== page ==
From Pyongyang with love: Koreas' leaders meet to discuss end of war

Moon, whose family fled in Korean War's aftermath, met with Kim twice this year in bordering village.

Kim Jong Un welcomes South Korea's President to Pyongyang, September 18, 2018 (Reuters)
North Korean leader Kim Jong Un greeted South Korean President Moon Jae-in with a hug when he arrived in Pyongyang on Tuesday to discuss the dismantling of the nuclear program and the end of the Korean Peninsula conflict. Kim and Moon will hold official talks Wednesday morning, according to the South Korean President's Office. Kim, his wife Ri Sol Ju and North Korean officials, including his young sister Kim Yuzhong, received Moon when he landed at Pyongyang airport.
Hundreds of North Koreans dressed in suits and traditional dresses greeted Moon and waved North Korea flags as well as flags symbolizing a unified Korean Peninsula. The two leaders left together in the same black Mercedes when they arrived at the Fukwon Guest House, where Moon was staying. Moon, himself a member of a family that fled home in the aftermath of the Korean War, met with Kim twice this year in the village of Panmunjom, on the border between the two countries.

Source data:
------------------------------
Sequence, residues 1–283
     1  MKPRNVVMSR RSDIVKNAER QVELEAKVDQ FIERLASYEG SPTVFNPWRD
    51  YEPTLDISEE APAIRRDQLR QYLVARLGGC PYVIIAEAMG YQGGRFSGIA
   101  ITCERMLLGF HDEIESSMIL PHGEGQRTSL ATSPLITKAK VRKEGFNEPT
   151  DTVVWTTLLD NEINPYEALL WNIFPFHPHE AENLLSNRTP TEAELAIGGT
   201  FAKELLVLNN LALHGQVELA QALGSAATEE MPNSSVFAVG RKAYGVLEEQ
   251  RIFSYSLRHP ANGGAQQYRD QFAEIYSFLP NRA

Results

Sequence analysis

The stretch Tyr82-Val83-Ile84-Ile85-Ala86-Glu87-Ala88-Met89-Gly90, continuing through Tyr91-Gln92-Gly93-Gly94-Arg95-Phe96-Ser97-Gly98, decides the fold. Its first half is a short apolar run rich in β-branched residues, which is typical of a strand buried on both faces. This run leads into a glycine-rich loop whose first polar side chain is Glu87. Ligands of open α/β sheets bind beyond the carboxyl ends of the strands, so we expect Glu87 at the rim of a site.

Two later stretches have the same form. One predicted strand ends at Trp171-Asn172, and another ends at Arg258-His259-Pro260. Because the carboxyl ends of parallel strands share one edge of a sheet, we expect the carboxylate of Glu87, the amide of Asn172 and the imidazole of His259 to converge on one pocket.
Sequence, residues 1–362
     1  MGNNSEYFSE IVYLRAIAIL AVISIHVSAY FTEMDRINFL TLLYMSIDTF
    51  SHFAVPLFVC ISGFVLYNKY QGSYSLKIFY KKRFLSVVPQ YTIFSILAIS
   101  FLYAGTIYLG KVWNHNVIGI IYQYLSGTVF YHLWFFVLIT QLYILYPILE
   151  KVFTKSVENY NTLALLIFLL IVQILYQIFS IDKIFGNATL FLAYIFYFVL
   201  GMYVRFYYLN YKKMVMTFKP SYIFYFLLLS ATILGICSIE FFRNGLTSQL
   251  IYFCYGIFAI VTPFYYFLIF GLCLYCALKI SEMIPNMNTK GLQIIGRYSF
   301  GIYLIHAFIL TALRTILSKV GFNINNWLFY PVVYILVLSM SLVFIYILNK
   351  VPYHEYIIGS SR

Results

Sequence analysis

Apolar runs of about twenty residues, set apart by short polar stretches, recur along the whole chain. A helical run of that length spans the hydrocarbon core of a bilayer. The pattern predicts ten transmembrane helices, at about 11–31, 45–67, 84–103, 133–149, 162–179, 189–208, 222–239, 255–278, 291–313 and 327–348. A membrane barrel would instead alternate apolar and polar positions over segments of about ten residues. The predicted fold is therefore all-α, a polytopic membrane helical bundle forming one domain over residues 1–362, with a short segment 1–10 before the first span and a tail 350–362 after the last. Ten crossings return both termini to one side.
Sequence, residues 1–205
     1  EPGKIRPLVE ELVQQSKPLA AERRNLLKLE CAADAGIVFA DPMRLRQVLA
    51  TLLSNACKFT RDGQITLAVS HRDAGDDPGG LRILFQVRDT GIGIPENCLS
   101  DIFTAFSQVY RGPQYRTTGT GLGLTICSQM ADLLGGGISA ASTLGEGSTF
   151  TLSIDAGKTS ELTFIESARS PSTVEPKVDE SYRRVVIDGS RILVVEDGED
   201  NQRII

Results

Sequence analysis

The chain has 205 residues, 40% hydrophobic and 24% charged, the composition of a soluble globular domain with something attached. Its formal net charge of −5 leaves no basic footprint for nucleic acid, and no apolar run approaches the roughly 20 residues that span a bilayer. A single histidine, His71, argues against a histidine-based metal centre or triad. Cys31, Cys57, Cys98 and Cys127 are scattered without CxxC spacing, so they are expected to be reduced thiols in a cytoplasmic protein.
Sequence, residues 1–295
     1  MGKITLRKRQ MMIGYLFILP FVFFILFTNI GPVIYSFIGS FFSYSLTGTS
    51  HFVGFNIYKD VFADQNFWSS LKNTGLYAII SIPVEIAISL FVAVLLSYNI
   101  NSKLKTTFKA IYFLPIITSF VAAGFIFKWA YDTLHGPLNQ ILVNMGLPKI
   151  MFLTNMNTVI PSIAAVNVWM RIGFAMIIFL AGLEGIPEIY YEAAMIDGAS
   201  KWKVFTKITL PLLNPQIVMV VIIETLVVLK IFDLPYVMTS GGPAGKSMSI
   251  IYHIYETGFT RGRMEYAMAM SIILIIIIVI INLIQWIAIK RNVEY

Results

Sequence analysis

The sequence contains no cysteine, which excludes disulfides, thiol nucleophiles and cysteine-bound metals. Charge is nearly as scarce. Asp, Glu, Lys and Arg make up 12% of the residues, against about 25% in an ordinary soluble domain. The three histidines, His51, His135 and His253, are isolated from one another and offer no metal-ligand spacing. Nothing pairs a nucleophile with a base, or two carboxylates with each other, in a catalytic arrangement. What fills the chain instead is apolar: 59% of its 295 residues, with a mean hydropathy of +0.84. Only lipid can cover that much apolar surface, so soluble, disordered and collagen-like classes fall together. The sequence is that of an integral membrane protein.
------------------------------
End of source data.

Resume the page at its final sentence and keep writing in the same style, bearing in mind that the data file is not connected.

The inter-Korean summit, the third time between the two leaders, is considered a test for another meeting between Kim and US President Donald Trump. The US president asked Moon to be "the head of the negotiations' team" between him and Kim, according to South Korean presidential aides, after Trump canceled a visit to Pyongyang by his Secretary of State Mike Pompeo last month.
Washing wants to see concrete action toward dismantling North Korea's nuclear program before agreeing on Pyongyang's main goal--declaring the end of the Korean War that broke out in 1950. "If the dialogue between North Korea and the United Stated is renewed after this visit, it will be of great importance," Moon said before leaving for a visit.
On Wednesday, Moon and Kim will hold a second round of official talks and then expect to hold a joint declaration and sign a military agreement designed to defuse tension and prevent armed conflict. The United States has recently put pressure on other countries to comply with UN sanction designed to prevent funding for Pyongyang's nuclear and missile programs, and UN Ambassador to the UN Nikki Haley on Monday accused Russia of "deceiving" UN sanctions against North Korea.